THE MIRROR NEURON THEORY OF AUTISM Autism Spectrum Disorder (ASD) is a heterogeneous syndrome characterized by impairment in social skills, verbal and non-verbal communication, coupled with restricted and repetitive behaviors (DSM-IV-TR, 2000). Autism also affects a variety of nervous system structures (i.e., cerebral cortex, cerebellum, brainstem) (Minshew and Williams 2007). With the overlay of what the MN system is responsible for, and what deficits are associated with ASD, it seems intuitive to try and find a link between the two. In 2006, researchersVilayanurRamachandran and Lindsay Obermanwrote an article that appeared in Scientific American. In it, Ramachandran proposed the ³broken mirror hypothesis´ of Autism, and suggested impairment of the MN system in children with ASD is a logical conclusion. He hypothesized that because these same neurons affect processes such as empathy
and perception, it would be logical to assume deficits in these areas of the brain can be attributed to ASD type behaviors. While significant amounts of research have attempted to show a link between the two, a solid link of MN and ASD has yet to be solidified. That is, until recently. In 2010, Researcher Syudo Yamasakiand team of Tokyo, Japan conducted fMRI scans on individuals known to be diagnosed with ASD. Their research yielded results that identified a significant gray matter volume reduction of both the pars opercularis and pars triangularis bilaterally in the subjects with ASD compared with the typical control subjects (Yamasaki,Yamasue,Abe,Suga, Yamada, Inoue, Kuwabara, Kawakubo,Yahata, Aoki, Kano,Kato,&Kasai, 2010). As discussed in previous sections, the areas of the pars opercularis and pars triangularisare integral in social observations of learning and language. These findings are continuing to developing future research areas of the importance of these brain structures, and what their role might play in the development of ASD and associated pervasive
THE MIRROR NEURON THEORY OF AUTISM developmental disorders. Because of the implications of this new area of research, further studies looking at post-mortem specimens might yield complementary data to support these claims. Criticism Ramachandran¶s theory sparked a significant amount of further research that questioned his hypothesis. Studies by Hamilton suggest that this hypothesis is not fully satisfactory and
needs specifications (Rizzolatti &Fabbri-Destro, 2010). Other studies reported that children with ASD do not present deficits in understanding the goal of motor acts done by others (see Hamilton, Brindley, &Frith, 2007; Bird, Leighton, Press, &Heyes, 2007; Leighton, Bird, Charman, &Heyes, 2008; Southgate and Hamilton 2008). Therefore, it is apparent that this theory is not a universal one, and further implications of this theory need further exploration. As with every paradigm in psychology, nothing is universal. It is clear that ASD exists on a spectrum, and when observed as a continuum, certain theories may not be appropriate for every individual within that continuum. While the ³Broken Mirror´ hypothesis shows some credibility, the MN theory has yet to be universally accepted by all, as well. Until a specific cause is identified, clinicians need to be aware of further changes in biological psychiatry research. In researching this topic, certain limitations appear to be prevalent in the literature. Cultural implications may lend further insight into this area of research, along with other biological paradigms. Researchers should continue to work across available paradigms to develop definable goals, and collaborate in an effort to bring it all together. In doing so, research
THE MIRROR NEURON THEORY OF AUTISM could have a clearer outcome that could potentially help those whom they are trying to understand. References American Psychiatric Association. (2000). Diagnostic and statistical manual of mental disorders (Revised 4th ed.). Washington, DC: Author.
Binkofski, F., Amunts, K., Stephan, K. M., Posse, S., Schormann, T., Freund, H. J., Zilles, K., & Seitz, R. J. (2000). Broca¶s region subserves imagery of motion: a combined cytoarchitectonic and fMRI study. Human Brain Mapping, 11, 273-285. Bird, G., Leighton, J., Press, C., &Heyes, C. (2007). Intact automatic imitation of human and robot actions in autism spectrum disorders. Proceedings of the Royal Society of London Series B-Biological Sciences, 274, 3027-3031. Buccino, G., Vogt, S., Ritzl, A., Fink, G., Zilles, K., Freund, H., & Rizzolatti, G.(2004). Neural circuits underlying imitation learning of hand actions: an event-related fMRI study. Neuron, 42, 323-334. Di Pellegrino, G., Fadiga, L., Fogassi, L., Gallese, V., Rizzolatti, G. (1992). Understanding motor events: a neurophysiological study. Experimental Brain Research, 91, 176-180. Grafton, S. T., Arbib, M. A., Fadiga, L., & Rizzolatti, G. (1996).Localization of grasp representation in humans by positron emission topography. 2. Observation compared with imagination. Experimental Brain Research, 112, 103-111.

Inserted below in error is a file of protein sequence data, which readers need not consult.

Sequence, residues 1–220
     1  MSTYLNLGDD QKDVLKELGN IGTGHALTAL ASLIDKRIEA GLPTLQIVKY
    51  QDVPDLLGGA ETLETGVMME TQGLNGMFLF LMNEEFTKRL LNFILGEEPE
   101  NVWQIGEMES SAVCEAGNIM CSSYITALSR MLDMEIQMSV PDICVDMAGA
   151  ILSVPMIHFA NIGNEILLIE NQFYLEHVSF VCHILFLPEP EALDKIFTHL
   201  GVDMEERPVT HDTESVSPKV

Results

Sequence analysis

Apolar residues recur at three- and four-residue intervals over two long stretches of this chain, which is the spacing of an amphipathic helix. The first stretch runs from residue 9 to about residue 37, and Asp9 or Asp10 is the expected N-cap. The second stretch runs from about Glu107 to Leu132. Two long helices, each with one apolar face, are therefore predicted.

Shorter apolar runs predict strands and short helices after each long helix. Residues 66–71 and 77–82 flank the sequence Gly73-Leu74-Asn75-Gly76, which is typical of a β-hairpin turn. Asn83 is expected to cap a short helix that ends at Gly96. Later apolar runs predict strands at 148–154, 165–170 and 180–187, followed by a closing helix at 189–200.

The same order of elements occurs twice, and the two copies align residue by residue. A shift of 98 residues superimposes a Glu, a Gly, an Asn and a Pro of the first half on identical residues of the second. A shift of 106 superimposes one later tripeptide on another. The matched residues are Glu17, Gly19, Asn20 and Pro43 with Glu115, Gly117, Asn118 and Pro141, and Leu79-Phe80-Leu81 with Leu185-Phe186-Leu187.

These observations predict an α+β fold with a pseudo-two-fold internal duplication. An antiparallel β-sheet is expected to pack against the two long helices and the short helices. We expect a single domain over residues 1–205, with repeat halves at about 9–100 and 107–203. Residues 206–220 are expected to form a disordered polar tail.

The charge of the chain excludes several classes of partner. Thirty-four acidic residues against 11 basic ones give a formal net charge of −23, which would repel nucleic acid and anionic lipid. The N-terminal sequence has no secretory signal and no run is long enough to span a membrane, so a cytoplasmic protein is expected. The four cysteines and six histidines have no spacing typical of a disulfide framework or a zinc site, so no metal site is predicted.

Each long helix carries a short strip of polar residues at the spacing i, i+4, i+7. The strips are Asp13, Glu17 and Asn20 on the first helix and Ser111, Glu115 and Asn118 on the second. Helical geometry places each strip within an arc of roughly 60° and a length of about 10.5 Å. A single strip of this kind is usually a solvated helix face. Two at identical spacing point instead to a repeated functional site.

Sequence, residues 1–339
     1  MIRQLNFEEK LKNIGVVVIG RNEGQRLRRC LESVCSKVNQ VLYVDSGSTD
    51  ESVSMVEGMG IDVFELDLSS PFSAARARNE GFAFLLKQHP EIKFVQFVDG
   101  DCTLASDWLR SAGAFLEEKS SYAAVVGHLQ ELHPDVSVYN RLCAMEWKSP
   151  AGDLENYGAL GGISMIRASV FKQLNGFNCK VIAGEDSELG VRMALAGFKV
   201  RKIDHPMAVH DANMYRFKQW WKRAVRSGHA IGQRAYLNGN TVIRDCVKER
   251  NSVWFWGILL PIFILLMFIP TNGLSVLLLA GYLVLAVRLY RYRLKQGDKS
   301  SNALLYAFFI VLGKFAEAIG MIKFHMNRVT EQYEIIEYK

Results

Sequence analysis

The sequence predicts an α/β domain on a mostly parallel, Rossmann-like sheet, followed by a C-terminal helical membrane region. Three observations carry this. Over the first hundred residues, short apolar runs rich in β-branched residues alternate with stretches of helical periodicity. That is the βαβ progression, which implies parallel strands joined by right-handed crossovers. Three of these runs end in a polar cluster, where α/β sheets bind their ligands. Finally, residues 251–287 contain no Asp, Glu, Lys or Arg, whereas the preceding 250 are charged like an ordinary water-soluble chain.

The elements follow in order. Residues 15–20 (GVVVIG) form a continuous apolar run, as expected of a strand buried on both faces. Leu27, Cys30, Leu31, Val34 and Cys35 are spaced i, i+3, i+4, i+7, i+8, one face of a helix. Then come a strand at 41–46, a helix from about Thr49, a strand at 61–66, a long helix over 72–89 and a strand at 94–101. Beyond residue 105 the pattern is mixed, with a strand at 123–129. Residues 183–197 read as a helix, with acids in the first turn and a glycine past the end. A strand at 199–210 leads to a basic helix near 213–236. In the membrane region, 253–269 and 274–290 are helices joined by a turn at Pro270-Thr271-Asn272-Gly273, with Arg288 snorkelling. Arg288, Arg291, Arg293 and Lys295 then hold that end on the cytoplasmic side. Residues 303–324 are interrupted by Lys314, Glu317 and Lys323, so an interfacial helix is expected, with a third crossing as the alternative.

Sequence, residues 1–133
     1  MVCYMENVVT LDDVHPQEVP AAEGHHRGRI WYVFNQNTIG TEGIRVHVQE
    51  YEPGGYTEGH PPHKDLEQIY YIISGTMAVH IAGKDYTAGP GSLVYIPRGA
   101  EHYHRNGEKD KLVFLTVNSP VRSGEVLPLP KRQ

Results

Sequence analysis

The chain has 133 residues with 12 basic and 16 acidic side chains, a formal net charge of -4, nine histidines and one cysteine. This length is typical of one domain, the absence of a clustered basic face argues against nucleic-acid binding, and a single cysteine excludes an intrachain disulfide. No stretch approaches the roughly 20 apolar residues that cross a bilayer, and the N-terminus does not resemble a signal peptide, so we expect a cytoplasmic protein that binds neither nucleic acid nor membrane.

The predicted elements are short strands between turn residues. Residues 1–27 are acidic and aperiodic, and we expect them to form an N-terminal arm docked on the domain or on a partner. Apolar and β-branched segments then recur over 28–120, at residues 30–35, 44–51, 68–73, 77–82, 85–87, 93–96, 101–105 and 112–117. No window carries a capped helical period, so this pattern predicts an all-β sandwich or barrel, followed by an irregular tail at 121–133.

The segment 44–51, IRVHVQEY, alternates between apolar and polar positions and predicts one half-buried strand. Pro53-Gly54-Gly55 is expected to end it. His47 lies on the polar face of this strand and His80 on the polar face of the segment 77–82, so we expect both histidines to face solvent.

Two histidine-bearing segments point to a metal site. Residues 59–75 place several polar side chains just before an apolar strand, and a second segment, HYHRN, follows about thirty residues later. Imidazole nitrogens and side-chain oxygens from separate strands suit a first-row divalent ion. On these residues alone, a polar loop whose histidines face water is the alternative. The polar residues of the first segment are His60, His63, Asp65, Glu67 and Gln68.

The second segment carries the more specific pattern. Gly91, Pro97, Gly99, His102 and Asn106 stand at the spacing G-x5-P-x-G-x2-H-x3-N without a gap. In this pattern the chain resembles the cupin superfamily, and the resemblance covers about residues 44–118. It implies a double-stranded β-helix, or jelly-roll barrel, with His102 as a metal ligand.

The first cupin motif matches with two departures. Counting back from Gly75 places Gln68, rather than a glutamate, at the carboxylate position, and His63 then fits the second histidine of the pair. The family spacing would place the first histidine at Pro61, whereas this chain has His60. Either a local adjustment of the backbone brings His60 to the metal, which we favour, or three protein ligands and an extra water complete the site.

THE MIRROR NEURON THEORY OF AUTISM Greenlee, J. D. W., Oya, H., Kawasaki, H., Volkov, I. O., Severson III, M. A., Howard III, M. A., &Brugge , J. F. (2007). Functional connections within the human inferior frontal gyrus. The Journal of Comparative Neurology, 503, 550±559. Hamilton, A. F., Brindley, R. M., &Frith, U. (2007). Imitation and action understanding in autistic spectrum disorders: how valid is the hypothesis of a deficit in the mirror neuron system? Neuropsychologia, 45, 1859-1868. Heiser, M., Iacoboni, M., Maeda, F., Marcus, J., &Mazziotta, J. C. (2003).The essential role of Broca¶s area in imitation.European Journal of Neuroscience, 17, 1123-1128. Iacoboni, M., Woods, R. P., Brass, M., Bekkering, H., Mazziotta, J. C., & Rizzolatti, G. (1999).Cortical mechanisms of human imitation.Science, 286, 2526-2528. Leighton, J., Bird, G., Charman, T., &Heyes, C. (2008). Weak imitative performance is not due to a functional µmirroring¶ deficit in adults with autism spectrum disorders. Neuropsychologia, 46, 1041-1049. Krams, M., Rushworth, M. F. S., Deiber, M. P., Frackowiak, R. S. J., &Passingham, R. E. (1998). The preparation, execution, and suppression of copied movements in the human brain. Experimental Brain Research, 120, 386-398. Ramachandran, V. S. &Oberman, L. M. (2006). Broken mirrors: a theory of autism. Scientific American, Nov. 2006, 62-69. Rizzolatti, G. (2005). The mirror neuron system and its function in humans.Anatomy and Embryology, 210, 419-421.
THE MIRROR NEURON THEORY OF AUTISM Rizzolatti G.,&Arbib M. A. (1998). Language within our grasp.Trends in Neurosciences, 21, 188-194. Southgate, V. & Hamilton, A. F. (2008). Unbroken mirrors: challenging a theory of autism. Trends in Cognitive Sciences, 12, 225-229. Yamasaki, S., Yamasue, H., Abe, O., Suga, M., Yamada, H., Inoue, H., Kuwabara, H., Kawakubo, Y., Yahata, M., Aoki, S., Kano, Y., Kato, N., &Kasai, K. (2010). Reduced
gray matter volume of pars opercularis is associated with impaired social communication in high-functioning autism spectrum disorders. Biological Psychiatry, 68 (12),11411147.